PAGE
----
“Since the leader development program may influence students of the fellows or the other teachers they mentor, our team examined achievement outcomes from students across this wider group,” said Kata Mihaly, the report's lead author and an economist at RAND, a nonprofit research organization.
These early findings of the program are mixed, but suggest that the program shows promise in improving student achievement. Fellows who taught mathematics in New Orleans had a statistically significant positive effect on student achievement. However, the analysis did not find statistically significant findings for other subjects taught by fellows in New Orleans or Kansas City. Teachers mentored by fellows had a positive impact on student mathematics and social studies achievement in New Orleans.
The analysis also examined whether teachers are more likely to stay in the same school or stay teaching in high-poverty schools after participating in the program. Program teachers remained in high-poverty schools at rates that were similar to or higher than that of other teachers in the district.
Researchers note the current results are based on few years of data and on a small sample of teachers, and results may change when there are more fellows and mentored teachers included in future studies. Prior to the evaluation being completed, Leading Educators expanded the fellowship program, with opportunities to participate in Memphis, Tenn., and Washington, D.C.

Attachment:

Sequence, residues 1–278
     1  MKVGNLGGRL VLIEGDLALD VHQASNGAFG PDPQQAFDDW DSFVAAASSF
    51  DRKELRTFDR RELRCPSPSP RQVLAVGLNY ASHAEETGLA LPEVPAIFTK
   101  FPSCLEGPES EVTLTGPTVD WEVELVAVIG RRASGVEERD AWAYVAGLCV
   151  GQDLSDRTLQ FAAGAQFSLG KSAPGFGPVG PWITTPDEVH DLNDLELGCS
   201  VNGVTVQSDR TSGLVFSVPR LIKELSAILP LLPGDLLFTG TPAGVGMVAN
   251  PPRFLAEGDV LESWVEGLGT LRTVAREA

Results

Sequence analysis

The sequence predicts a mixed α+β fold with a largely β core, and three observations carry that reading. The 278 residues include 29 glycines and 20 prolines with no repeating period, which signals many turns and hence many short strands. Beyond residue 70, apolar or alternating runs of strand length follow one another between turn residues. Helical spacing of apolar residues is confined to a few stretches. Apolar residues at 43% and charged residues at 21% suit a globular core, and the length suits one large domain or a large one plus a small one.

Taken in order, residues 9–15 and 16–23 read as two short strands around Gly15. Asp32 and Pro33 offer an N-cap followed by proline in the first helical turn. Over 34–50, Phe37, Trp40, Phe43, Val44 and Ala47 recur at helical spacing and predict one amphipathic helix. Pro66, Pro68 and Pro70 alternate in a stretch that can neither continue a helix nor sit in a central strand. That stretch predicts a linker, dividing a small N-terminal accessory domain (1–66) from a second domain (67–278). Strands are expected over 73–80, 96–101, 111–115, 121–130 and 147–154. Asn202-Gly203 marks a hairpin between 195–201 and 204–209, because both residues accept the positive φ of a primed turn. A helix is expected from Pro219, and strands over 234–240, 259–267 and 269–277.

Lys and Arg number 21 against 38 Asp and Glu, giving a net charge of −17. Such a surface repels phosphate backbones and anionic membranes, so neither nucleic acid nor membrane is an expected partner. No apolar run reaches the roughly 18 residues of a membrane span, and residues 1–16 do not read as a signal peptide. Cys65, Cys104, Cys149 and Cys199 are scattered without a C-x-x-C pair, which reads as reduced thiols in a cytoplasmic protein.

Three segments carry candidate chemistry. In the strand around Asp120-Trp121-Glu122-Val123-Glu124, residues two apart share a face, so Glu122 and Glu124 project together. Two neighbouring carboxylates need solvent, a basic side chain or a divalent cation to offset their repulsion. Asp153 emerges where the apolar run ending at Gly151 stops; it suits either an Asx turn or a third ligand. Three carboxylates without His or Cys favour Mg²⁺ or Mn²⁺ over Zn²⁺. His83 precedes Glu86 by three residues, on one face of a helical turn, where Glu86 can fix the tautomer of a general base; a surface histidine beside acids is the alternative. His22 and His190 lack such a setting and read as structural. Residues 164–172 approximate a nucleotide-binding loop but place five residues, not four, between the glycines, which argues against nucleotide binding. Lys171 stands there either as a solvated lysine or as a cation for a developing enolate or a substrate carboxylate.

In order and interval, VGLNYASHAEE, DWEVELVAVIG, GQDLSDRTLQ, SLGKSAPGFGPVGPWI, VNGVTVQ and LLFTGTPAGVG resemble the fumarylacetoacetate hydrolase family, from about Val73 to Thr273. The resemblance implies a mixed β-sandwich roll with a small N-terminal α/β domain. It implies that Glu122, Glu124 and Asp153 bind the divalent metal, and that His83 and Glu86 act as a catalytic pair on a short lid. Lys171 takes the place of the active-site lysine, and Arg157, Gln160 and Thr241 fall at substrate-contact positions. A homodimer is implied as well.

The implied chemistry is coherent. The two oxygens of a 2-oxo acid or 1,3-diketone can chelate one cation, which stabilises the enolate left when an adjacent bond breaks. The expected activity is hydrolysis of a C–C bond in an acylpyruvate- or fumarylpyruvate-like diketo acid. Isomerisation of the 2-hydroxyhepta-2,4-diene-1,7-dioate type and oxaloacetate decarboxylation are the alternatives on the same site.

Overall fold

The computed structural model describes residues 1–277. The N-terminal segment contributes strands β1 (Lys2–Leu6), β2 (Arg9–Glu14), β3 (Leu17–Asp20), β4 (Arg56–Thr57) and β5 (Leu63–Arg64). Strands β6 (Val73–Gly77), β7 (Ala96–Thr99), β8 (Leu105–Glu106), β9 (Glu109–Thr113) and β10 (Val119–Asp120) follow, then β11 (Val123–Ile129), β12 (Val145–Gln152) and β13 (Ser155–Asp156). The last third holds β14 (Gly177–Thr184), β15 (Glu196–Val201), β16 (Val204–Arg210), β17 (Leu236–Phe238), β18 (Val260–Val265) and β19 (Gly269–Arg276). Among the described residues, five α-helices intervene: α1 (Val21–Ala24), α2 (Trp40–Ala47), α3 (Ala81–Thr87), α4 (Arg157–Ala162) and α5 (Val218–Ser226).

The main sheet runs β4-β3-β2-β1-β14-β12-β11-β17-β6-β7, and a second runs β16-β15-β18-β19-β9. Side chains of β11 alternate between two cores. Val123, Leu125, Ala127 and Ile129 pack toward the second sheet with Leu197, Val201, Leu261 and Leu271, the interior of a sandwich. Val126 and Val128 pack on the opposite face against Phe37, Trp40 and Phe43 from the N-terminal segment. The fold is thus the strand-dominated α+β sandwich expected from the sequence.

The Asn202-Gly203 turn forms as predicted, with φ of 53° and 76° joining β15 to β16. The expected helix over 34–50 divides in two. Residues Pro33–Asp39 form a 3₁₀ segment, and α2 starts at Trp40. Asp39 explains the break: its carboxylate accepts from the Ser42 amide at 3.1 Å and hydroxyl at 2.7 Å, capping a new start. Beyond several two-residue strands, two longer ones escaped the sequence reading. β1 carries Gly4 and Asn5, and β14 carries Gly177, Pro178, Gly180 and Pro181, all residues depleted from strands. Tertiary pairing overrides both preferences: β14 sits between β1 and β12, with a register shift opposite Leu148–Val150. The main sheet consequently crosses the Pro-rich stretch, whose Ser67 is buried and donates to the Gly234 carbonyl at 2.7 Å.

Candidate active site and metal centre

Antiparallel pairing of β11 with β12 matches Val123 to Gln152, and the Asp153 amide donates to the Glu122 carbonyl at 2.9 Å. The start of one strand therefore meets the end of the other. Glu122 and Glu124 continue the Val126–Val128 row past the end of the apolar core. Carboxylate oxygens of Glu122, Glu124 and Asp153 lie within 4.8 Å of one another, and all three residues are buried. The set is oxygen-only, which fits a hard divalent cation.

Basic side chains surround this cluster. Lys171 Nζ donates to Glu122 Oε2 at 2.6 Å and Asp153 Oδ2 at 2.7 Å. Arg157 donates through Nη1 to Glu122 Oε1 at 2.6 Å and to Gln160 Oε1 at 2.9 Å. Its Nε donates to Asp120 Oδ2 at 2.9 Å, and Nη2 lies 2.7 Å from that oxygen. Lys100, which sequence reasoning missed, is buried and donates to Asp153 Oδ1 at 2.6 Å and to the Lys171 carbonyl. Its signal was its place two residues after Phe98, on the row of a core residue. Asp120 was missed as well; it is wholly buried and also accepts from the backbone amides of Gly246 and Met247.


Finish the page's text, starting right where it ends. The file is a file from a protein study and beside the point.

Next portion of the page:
Support for this research was provided by Carnegie Corporation of New York, the Charles and Lynn Schusterman Family Foundation, and the Walton Family Foundation.
The report, “Examining the Early Impacts of the Leading Educators Fellowship on Student Achievement and Teacher Retention,” is available at www.rand.org. Other authors of the study are Benjamin Master and Cate Yoon.
This research was conducted by RAND Education, a division of the RAND Corporation. Its mission is to bring accurate data and careful, objective analysis to the national debate on education policy.
About the RAND CorporationThe RAND Corporation is a research organization that develops solutions to public policy challenges to help make communities throughout the world safer and more secure, healthier and more prosperous.
In April, Leading Educators took seven Fellows to England in partnership with Teaching Leaders UK and the British Council. The trip followed an earlier visit to New Orleans by several teacher leaders from the United Kingdom.
The exchange is sponsored by the British Council with the intention of teacher leaders sharing best practices, learning from observing each others' schools and classrooms and from discussing their roles. Many of our attending teacher leaders wrote short pieces on their experiences during the trip. We plan to publish all of these perspectives, starting with Bridget Cantrell, Elementary Instructional Coordinator at Ott Elementary in Kansas City. Bridget published a blog of her own to share her trip with her school:
Day #2 Such a big world, yet a common mission!
I can't help but listen to the UK team and learn about their education structure and think we have a common mission; to educate all students to the highest level that they can possible attain in order to improve our society and quality of life for each and every student.